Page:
TSMC, the leading global chipmaker, has revealed its intention to construct a second plant in Japan, with operations slated to commence by the conclusion of 2027. This move will amplify TSMC’s investment in Japan to over $20 billion, supported by the Tokyo government.
The initiative follows TSMC’s 2021 announcement to establish a $7 billion chip facility in Kumamoto, situated in Kyushu, southern Japan.
Last month, TSMC confirmed the imminent inauguration of its first Japanese factory in February, with volume production scheduled for the fourth quarter. Additionally, the company expressed contemplation regarding the construction of a secondary plant within the nation, Reuters news report said.
TSMC disclosed that its majority-owned subsidiary, Japan Advanced Semiconductor Manufacturing in Kumamoto, will spearhead the construction of the second fabrication plant (fab) in response to escalating customer demand.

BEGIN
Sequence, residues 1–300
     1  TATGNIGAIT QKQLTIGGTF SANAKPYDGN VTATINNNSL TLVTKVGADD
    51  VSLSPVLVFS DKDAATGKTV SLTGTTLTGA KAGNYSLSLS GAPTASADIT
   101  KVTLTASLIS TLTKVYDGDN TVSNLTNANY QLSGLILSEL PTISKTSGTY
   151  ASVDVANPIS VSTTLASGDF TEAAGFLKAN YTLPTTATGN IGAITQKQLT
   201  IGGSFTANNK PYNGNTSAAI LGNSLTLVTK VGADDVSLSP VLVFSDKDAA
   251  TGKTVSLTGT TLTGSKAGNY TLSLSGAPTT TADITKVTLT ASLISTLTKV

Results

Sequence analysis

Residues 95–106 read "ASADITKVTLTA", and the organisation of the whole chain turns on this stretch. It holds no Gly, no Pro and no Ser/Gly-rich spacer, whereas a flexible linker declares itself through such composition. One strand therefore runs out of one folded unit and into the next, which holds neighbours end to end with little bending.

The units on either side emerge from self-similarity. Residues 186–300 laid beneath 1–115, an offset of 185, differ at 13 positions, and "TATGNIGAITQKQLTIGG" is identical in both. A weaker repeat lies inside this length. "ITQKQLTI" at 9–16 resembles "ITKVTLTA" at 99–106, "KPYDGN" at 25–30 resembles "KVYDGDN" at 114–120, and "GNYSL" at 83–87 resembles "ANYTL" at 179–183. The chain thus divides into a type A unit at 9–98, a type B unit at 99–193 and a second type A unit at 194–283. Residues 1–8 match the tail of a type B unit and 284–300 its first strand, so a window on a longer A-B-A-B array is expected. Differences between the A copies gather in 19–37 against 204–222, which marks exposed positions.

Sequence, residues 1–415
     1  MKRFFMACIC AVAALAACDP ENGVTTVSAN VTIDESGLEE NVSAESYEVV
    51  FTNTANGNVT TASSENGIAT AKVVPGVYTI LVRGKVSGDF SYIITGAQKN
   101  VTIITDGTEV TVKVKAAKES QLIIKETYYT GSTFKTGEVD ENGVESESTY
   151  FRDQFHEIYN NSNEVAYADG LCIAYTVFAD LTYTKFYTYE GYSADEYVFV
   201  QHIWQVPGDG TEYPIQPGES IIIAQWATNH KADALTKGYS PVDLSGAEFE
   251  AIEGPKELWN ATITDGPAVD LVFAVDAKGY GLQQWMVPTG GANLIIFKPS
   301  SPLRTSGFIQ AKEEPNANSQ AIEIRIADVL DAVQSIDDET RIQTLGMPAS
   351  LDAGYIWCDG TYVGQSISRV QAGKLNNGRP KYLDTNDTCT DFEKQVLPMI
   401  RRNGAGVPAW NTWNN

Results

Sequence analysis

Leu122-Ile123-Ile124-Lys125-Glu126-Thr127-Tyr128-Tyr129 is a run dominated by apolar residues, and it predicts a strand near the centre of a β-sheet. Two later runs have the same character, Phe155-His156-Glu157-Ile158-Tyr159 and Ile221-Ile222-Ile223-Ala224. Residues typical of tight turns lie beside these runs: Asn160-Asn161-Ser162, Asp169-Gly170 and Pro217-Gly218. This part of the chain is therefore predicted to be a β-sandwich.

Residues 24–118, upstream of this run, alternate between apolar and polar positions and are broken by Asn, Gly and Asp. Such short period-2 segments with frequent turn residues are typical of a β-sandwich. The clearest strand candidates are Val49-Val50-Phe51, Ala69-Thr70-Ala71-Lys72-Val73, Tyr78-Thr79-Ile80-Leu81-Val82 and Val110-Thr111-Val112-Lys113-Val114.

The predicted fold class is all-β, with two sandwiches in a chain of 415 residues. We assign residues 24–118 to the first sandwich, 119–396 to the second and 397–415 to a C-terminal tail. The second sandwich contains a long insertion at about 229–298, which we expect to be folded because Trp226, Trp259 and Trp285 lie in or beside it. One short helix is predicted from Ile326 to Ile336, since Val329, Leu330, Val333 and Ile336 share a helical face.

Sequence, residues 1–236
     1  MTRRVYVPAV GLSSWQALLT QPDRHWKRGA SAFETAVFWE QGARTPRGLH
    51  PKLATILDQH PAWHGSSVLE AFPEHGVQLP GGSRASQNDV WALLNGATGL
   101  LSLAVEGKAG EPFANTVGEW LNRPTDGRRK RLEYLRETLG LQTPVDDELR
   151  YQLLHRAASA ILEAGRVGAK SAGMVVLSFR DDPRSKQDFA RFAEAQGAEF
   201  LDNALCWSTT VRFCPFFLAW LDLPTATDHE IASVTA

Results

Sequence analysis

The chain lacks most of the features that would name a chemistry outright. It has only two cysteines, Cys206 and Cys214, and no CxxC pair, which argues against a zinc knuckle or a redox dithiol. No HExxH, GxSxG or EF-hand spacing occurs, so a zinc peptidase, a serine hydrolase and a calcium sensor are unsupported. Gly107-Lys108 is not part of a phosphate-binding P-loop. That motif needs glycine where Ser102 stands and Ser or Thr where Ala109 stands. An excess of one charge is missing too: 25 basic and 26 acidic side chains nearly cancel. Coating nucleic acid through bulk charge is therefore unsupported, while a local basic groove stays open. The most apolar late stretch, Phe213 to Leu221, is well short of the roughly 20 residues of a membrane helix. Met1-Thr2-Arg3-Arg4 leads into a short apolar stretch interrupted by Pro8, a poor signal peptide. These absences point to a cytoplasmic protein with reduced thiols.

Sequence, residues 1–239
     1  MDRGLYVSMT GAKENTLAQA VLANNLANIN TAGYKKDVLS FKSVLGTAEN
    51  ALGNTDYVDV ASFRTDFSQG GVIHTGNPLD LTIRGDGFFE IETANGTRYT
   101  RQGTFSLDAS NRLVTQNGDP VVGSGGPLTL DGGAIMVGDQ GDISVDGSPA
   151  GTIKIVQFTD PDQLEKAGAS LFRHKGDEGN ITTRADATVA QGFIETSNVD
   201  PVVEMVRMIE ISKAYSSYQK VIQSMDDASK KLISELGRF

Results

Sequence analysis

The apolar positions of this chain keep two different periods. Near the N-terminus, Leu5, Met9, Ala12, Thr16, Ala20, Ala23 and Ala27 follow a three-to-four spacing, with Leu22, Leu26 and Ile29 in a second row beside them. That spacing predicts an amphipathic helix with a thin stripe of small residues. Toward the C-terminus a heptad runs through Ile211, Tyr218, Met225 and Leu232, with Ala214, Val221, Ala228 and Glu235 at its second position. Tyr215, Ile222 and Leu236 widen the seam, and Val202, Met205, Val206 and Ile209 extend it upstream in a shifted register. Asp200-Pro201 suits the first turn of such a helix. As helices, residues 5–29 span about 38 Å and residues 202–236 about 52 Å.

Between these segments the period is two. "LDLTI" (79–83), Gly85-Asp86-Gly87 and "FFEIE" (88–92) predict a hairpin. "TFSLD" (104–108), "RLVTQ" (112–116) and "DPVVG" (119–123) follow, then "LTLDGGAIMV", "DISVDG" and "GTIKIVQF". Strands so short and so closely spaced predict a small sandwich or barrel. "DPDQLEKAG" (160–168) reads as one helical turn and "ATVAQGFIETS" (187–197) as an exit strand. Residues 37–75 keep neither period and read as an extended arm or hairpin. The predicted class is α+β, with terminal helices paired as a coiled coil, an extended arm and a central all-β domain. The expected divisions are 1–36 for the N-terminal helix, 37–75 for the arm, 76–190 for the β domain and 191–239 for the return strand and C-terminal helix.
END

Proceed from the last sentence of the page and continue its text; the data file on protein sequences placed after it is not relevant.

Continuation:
Construction of the second fab is set to commence by the year’s end, with both facilities anticipated to collectively yield a monthly capacity exceeding 100,000 12-inch wafers. These wafers will cater to a spectrum of sectors, encompassing automotive, industrial, consumer, and high-performance computing applications.
TSMC underscored its flexibility, noting that the capacity plan could be adjusted in accordance with evolving customer requirements.
With an 86.5 percent stake in the Japanese venture, TSMC is the principal stakeholder, while Sony Group, auto parts manufacturer Denso, and carmaker Toyota hold the remaining shares.
This expansion aligns with Japan’s strategic ambition to fortify its chip manufacturing prowess and ensure a reliable chip supply amidst geopolitical tensions, particularly between the United States and China.
The decision to proceed with a second fab signifies TSMC’s confidence in Japan, characterized by the smooth execution of the first fab’s construction and the country’s conducive business environment, as reported by Reuters.
TSMC maintains that the majority of its manufacturing will remain in Taiwan, though the company continues to broaden its global manufacturing footprint in response to market demand.
Beyond Japan, TSMC’s investments include a $40 billion initiative to establish two fabs in Arizona, in alignment with Washington’s objectives to bolster U.S. chip production capacity. Additionally, the company is gearing up for its inaugural European factory in Germany, primarily servicing the automotive sector.